Mylan, the drug company that created outrage with the dramatic price increase of the EpiPen, is on the defensive again. A new report shows a big rise in complaints about the device not working in life-threatening emergencies.
Bloomberg says 228 people this year reported failures of EpiPen, which injects a drug that can stop severe allergic reactions. That's way up from 2012, when just four failures were reported.
Mylan doesn't take issue with the data but said Bloomberg's article is "misleading." It said a rise in reports of failures doesn't necessarily mean a rise in actual failures and suggests heightened attention on the company and increased prescriptions could be to blame, reports CBS News correspondent Tony Dokoupil.
But for those who depend on the device, any failure is unacceptable.
"Watching your child sit there scream to you 'don't let me die' is awful for any parent to have to go through," said Tina Hampton, who has a 6-year-old daughter.
This past spring, her daughter was gasping for breath after an allergic reaction to peanuts. Hampton's moment of panic was made worse after she reached for an EpiPen.
"When I pulled it out, the needle did not go back inside of the EpiPen, It was bent," Hampton said.
It sliced her daughter's leg leaving a scar. She credits a backup EpiPen for saving her child's life.
Bloomberg obtained data from the FDA, linking 228 reports of EpiPen failures to seven deaths and 35 hospitalizations this year. The FDA cautions that with its reporting system, "there is no certainty that the reported event ... was due to the product."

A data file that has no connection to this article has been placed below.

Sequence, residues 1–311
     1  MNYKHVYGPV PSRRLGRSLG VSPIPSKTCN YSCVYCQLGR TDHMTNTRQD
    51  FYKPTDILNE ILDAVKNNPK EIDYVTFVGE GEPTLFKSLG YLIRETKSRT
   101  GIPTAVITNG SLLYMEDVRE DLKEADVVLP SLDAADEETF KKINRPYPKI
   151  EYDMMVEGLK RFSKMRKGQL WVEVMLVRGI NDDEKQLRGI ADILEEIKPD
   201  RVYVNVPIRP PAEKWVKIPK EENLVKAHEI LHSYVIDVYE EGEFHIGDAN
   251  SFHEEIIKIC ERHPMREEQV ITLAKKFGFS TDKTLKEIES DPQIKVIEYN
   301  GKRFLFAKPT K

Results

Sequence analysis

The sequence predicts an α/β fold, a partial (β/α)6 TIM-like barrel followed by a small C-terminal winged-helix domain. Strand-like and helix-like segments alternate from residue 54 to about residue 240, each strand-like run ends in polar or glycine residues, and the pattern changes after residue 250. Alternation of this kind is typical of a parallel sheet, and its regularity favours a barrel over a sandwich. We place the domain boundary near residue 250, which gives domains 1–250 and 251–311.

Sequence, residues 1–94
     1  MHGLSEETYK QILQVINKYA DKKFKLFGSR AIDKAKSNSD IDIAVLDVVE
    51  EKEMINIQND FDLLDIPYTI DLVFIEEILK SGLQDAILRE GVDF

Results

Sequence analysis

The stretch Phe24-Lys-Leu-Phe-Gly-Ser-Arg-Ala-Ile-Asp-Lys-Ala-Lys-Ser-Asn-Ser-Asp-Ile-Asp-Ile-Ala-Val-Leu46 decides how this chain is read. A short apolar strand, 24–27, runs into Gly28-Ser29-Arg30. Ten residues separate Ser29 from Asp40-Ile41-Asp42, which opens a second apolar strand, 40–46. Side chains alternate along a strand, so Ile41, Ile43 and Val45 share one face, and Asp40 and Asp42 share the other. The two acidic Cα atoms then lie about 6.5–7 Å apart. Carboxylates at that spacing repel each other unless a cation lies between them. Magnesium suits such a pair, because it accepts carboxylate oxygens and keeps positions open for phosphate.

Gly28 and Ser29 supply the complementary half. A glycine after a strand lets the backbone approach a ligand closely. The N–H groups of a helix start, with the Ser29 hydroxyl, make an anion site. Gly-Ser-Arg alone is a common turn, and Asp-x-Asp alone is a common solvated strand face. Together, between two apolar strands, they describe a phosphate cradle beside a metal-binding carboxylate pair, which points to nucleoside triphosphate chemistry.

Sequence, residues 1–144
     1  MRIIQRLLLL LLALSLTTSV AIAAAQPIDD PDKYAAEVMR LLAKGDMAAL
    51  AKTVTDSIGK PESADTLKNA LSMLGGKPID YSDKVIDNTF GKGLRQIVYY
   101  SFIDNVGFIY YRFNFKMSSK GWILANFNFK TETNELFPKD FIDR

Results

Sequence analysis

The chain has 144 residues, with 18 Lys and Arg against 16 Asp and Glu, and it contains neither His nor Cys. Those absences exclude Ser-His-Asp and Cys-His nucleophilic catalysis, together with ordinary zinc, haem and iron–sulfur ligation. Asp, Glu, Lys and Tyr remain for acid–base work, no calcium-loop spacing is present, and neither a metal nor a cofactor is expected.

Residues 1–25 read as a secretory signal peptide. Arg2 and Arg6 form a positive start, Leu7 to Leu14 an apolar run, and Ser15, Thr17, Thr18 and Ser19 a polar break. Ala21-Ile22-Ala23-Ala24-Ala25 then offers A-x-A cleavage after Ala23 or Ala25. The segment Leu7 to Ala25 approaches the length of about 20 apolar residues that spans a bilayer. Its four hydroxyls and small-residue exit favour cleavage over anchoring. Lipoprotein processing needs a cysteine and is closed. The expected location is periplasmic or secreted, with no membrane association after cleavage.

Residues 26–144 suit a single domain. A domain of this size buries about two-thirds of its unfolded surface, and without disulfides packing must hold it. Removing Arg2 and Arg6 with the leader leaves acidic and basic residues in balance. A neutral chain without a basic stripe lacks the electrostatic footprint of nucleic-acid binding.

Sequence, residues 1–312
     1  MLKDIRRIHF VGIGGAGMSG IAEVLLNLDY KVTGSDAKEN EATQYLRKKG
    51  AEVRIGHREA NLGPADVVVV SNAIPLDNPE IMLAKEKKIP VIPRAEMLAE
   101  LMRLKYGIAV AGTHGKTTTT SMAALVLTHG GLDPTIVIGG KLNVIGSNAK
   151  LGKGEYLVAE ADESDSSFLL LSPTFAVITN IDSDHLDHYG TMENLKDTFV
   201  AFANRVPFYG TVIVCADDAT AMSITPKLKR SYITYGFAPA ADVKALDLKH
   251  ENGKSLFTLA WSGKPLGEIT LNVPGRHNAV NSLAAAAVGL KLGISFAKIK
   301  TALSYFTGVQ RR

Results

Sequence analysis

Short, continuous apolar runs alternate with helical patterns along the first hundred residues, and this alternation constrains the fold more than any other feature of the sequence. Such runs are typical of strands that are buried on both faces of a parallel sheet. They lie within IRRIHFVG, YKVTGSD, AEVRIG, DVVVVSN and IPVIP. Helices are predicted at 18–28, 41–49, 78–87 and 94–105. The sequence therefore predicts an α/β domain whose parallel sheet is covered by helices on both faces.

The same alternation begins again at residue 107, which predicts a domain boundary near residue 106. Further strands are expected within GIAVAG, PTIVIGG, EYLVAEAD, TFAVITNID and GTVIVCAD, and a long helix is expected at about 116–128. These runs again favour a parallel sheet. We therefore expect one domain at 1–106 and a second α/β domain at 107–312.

Dr. Scott Sicherer of Mount Sinai Hospital in New York is a pediatric allergy expert.
"It's a very easy device to use, but someone in a panic might use it wrong," Sicherer said of the EpiPen.
He showed us how quickly the EpiPen deploys. Slow-motion gives a better look at how it delivers a dose of epinepherine – just one shot per device. In emergencies, he says some folks mess up holding it the wrong way.
"When they press it, they then get the medication into their thumb," Sicherer said.
Despite the increase in reports of failures since 2012, Mylan said "no changes have been made to the EpiPen device since 2009." The company said they haven't found a "causal connection" between reported patient deaths and the EpiPen.
There was a recall of some EpiPens earlier this year due to a defective part. But the FDA told CBS News: "We are not aware of defective EpiPens currently on the market and recommend that consumers use their prescribed epinephrine auto injector." As for Hampton, whose EpiPen needle cut her daughter, she's now switched to a competing injector.